This case illustrates the combination of political and mercantile motives in many literary forgeries. History-writing is a political act, and in the fifteenth century, it played a crucial role in the competition for prestige between Italian cities. Tacitus’ history of Rome was brought forward by Bracciolini thirty years after a Florentine chancellor by the name of Leonardo Bruni (1369-1444) wrote his History of the Florentine people (Historiae Florentini populi) in 12 volumes (by plagiarizing Byzantine chronicles). Political value translated into economic value, and the market for ancient works reached astronomical prices: it is said that with the sale of just a copy of a manuscript of Titus Livy, Bracciolini bought himself a villa in Florence. During the Renaissance, “the acquisition of classical artifacts had simply become the new fad, the new way of displaying power and status. Instead of collecting the bones and body parts of saints, towns and wealthy rulers now collected fragments of the ancient world. And just as with the relic trade, demand far outstripped supply” (from the website of San Diego’s “Museum of Hoaxes”).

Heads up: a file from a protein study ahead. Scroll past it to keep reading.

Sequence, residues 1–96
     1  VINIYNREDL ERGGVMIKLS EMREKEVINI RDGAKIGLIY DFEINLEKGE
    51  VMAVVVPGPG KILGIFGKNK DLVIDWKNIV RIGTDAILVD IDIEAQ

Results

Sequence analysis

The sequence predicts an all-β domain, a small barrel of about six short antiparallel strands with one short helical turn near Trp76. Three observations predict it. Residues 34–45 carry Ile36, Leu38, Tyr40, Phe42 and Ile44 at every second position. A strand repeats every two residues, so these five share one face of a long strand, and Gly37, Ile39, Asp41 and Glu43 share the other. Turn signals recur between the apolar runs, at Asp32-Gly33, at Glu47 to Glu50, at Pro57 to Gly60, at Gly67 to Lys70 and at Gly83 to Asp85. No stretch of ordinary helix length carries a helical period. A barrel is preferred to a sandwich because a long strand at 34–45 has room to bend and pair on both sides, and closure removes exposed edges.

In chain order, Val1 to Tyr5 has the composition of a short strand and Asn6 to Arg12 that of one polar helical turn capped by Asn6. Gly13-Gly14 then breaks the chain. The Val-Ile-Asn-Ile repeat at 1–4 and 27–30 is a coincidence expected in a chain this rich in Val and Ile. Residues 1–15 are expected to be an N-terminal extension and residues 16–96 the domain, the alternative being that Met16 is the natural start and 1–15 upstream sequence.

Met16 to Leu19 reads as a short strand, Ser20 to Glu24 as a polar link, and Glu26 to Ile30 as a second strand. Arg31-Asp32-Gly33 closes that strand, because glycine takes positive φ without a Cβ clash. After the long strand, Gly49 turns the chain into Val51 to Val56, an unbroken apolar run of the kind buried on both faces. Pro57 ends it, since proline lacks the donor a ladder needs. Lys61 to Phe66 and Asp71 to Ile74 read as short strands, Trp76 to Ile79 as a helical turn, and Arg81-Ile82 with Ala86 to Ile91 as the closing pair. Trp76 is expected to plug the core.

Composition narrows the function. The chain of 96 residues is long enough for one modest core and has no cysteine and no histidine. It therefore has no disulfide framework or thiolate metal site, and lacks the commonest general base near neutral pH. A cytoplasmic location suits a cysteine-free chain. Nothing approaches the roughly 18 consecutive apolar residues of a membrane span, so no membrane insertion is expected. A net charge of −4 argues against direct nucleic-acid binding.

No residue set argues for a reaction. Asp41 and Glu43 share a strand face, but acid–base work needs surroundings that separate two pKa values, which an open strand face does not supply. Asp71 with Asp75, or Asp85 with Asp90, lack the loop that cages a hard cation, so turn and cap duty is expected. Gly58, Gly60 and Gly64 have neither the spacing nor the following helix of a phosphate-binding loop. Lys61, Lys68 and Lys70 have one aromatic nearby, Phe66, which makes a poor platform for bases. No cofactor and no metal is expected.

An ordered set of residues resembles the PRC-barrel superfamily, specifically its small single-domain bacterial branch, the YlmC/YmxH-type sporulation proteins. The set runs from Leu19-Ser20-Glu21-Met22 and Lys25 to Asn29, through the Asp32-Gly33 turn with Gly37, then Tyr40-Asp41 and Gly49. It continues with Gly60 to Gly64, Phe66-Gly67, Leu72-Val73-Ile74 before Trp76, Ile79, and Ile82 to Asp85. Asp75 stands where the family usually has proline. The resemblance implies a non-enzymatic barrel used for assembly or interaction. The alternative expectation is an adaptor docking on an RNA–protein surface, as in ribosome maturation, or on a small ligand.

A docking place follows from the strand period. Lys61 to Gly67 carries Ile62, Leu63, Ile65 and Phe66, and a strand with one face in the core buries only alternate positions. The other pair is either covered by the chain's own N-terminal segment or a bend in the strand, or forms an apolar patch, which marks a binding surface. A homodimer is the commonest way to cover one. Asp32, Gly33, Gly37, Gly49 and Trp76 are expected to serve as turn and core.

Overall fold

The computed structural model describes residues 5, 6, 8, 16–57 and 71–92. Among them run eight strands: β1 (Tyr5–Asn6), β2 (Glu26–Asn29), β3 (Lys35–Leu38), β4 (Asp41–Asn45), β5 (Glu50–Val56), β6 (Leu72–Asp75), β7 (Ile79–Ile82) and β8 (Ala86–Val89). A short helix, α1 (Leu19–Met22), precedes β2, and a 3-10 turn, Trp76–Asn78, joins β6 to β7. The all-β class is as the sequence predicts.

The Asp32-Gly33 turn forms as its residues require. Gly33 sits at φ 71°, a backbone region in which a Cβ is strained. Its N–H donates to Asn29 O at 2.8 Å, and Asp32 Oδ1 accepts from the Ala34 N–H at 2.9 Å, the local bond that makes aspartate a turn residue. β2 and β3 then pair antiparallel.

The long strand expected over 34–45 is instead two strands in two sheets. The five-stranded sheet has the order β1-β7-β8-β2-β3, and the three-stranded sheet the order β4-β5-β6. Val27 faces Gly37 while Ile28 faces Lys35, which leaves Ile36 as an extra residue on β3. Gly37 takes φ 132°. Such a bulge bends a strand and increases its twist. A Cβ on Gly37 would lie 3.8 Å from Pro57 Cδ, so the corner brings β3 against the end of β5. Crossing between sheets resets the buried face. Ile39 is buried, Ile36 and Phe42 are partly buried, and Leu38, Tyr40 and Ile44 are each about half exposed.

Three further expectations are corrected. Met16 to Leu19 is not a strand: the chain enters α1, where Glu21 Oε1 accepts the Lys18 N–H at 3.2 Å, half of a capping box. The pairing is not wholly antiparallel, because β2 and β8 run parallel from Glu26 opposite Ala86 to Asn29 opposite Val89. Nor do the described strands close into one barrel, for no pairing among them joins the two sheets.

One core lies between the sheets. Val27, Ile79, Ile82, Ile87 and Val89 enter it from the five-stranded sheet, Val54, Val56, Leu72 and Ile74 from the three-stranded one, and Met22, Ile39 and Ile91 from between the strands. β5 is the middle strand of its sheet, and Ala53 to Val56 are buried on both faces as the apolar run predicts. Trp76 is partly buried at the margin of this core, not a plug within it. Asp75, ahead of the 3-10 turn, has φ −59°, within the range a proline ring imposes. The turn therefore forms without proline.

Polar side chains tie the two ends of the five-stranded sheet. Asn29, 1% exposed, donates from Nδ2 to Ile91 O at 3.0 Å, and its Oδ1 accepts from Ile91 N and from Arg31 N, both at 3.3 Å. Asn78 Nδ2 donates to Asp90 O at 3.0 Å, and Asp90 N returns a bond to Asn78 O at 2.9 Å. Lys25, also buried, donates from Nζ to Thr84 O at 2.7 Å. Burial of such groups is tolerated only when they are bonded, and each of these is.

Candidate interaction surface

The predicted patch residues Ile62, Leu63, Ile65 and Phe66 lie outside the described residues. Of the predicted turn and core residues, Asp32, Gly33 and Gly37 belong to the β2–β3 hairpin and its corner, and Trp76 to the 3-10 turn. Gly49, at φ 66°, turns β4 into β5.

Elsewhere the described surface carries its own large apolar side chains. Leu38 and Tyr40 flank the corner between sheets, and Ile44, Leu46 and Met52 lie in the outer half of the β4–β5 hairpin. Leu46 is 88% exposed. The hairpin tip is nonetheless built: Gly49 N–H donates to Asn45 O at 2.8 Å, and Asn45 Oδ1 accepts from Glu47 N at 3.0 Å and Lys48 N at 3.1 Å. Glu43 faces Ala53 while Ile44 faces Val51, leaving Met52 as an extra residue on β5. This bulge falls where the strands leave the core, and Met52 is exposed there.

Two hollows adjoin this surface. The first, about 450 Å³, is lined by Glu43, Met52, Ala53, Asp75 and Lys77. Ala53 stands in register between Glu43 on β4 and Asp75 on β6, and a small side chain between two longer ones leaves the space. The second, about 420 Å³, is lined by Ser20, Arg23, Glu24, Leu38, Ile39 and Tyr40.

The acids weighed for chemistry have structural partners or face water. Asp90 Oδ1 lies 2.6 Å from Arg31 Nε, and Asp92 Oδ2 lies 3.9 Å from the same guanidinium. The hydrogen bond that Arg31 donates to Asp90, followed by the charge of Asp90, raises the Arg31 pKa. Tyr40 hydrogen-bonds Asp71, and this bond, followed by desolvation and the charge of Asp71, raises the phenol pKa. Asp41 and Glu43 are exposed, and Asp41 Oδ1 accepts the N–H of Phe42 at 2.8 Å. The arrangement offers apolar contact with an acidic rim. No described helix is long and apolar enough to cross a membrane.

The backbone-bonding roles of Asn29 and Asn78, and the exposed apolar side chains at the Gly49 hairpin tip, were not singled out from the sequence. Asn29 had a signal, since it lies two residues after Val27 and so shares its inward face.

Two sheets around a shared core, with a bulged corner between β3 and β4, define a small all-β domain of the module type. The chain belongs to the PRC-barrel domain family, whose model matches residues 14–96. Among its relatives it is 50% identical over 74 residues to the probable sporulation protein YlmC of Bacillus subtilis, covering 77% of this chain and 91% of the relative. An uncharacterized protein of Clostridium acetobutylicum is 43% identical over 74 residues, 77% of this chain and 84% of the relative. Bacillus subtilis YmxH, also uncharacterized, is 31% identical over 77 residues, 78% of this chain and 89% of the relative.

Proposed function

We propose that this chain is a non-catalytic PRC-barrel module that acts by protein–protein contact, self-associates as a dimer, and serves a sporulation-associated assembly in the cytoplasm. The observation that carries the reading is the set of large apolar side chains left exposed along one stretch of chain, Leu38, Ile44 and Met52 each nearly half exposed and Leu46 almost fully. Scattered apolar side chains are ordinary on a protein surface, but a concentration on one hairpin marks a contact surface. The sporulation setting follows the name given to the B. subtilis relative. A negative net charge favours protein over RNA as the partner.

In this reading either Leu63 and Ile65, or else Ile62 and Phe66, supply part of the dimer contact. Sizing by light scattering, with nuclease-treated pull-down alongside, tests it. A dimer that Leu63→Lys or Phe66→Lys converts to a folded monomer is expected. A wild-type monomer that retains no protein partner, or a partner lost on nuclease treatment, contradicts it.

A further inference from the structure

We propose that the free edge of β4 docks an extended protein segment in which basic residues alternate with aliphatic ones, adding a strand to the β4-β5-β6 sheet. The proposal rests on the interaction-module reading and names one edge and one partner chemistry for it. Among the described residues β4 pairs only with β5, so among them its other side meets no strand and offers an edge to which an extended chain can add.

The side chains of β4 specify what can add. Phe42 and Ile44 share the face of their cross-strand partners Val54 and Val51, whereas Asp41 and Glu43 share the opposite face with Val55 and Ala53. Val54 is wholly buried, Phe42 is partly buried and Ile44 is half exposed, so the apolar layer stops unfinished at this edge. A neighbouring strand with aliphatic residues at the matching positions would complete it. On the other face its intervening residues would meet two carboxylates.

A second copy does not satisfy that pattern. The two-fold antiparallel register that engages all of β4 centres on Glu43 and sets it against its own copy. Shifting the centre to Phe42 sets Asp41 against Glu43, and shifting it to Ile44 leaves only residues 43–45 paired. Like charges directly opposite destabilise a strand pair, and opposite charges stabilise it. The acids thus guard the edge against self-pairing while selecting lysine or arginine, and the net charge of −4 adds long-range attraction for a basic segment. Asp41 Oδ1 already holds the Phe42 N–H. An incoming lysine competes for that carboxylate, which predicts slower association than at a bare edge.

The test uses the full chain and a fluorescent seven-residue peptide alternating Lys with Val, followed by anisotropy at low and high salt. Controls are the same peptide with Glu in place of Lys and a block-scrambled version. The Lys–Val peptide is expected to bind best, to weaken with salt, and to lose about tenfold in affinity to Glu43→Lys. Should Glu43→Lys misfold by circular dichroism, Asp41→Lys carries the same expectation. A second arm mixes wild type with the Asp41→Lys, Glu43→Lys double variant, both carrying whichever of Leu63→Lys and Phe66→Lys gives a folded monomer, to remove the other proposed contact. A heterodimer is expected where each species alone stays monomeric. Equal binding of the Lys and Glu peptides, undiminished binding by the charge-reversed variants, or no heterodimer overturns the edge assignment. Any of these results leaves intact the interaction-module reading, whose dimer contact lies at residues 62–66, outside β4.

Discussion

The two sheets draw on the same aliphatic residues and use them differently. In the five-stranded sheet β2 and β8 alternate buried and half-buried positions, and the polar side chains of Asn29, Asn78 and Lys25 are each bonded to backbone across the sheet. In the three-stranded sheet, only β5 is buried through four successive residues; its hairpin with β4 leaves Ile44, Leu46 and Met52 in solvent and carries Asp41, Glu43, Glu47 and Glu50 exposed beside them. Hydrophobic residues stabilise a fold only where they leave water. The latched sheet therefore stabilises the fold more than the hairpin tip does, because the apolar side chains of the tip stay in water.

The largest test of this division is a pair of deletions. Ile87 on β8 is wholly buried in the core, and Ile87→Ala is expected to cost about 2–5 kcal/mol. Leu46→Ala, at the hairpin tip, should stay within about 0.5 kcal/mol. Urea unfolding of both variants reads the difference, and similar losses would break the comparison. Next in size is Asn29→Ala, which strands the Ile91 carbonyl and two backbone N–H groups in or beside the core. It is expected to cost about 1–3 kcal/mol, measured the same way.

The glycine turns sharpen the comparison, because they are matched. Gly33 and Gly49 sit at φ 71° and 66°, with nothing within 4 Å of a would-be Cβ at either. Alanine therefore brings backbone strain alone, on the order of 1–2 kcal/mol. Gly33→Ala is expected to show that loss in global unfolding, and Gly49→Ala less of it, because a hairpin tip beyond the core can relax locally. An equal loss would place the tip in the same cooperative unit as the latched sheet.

In the mainstream of classical studies, ancient texts are assumed to be authentic if they are not proven forged. Cicero’s De Consolatione is now universally considered the work of Carolus Sigonius (1520-1584), an Italian humanist born in Modena, only because we have a letter by Sigonius himself admitting the forgery. But short of such a confession, or of some blatant anachronism, historians and classical scholars will simply ignore the possibility of fraud. They would never, for example, suspect Francesco Petrarca, known as Petrarch (1304-1374), of faking his discovery of Cicero’s letters, even though he went on publishing his own letters in perfect Ciceronian style. Jerry Brotton is not being ironic when he writes in The Renaissance Bazaar: “Cicero was crucial to Petrarch and the subsequent development of humanism because he offered a new way of thinking about how the cultured individual united the philosophical and contemplative side of life with its more active and public dimension. […] This was the blueprint for Petrarch’s humanism.”
The medieval manuscripts found by Petrarch are long lost, so what evidence do we have of their authenticity, besides Petrarch’s reputation? Imagine if historians seriously questioned the authenticity of some of our most cherished classical treasures. How many of them would pass the test? If Hochart is right and Tacitus is removed from the list of reliable sources, the whole historical edifice of the Roman Empire suffers from a major structural failure, but what if other pillars of ancient historiography crumble under similar scrutiny? What about Titus Livy, author a century earlier than Tacitus of a monumental history of Rome in 142 verbose volumes, starting with the foundation of Rome in 753 BC through the reign of Augustus. It is admitted, since Louis de Beaufort’s critical analysis (1738), that the first five centuries of Livy’s history are a web of fiction.